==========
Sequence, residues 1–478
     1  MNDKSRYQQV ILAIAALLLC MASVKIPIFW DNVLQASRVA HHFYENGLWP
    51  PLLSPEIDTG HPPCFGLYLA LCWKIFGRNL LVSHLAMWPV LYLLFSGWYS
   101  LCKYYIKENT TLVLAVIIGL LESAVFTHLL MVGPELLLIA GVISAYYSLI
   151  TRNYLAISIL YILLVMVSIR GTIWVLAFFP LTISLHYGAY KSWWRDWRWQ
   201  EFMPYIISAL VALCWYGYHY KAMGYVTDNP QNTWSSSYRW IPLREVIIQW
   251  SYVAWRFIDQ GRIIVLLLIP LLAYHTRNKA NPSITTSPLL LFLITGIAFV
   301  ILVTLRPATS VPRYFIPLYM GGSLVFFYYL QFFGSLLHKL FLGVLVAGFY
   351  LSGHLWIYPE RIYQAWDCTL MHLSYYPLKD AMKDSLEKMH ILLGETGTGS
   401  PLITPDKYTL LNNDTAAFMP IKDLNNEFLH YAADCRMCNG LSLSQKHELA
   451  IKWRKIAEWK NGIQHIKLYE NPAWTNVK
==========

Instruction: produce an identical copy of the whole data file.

Sequence, residues 1–478
     1  MNDKSRYQQV ILAIAALLLC MASVKIPIFW DNVLQASRVA HHFYENGLWP
    51  PLLSPEIDTG HPPCFGLYLA LCWKIFGRNL LVSHLAMWPV LYLLFSGWYS
   101  LCKYYIKENT TLVLAVIIGL LESAVFTHLL MVGPELLLIA GVISAYYSLI
   151  TRNYLAISIL YILLVMVSIR GTIWVLAFFP LTISLHYGAY KSWWRDWRWQ
   201  EFMPYIISAL VALCWYGYHY KAMGYVTDNP QNTWSSSYRW IPLREVIIQW
   251  SYVAWRFIDQ GRIIVLLLIP LLAYHTRNKA NPSITTSPLL LFLITGIAFV
   301  ILVTLRPATS VPRYFIPLYM GGSLVFFYYL QFFGSLLHKL FLGVLVAGFY
   351  LSGHLWIYPE RIYQAWDCTL MHLSYYPLKD AMKDSLEKMH ILLGETGTGS
   401  PLITPDKYTL LNNDTAAFMP IKDLNNEFLH YAADCRMCNG LSLSQKHELA
   451  IKWRKIAEWK NGIQHIKLYE NPAWTNVK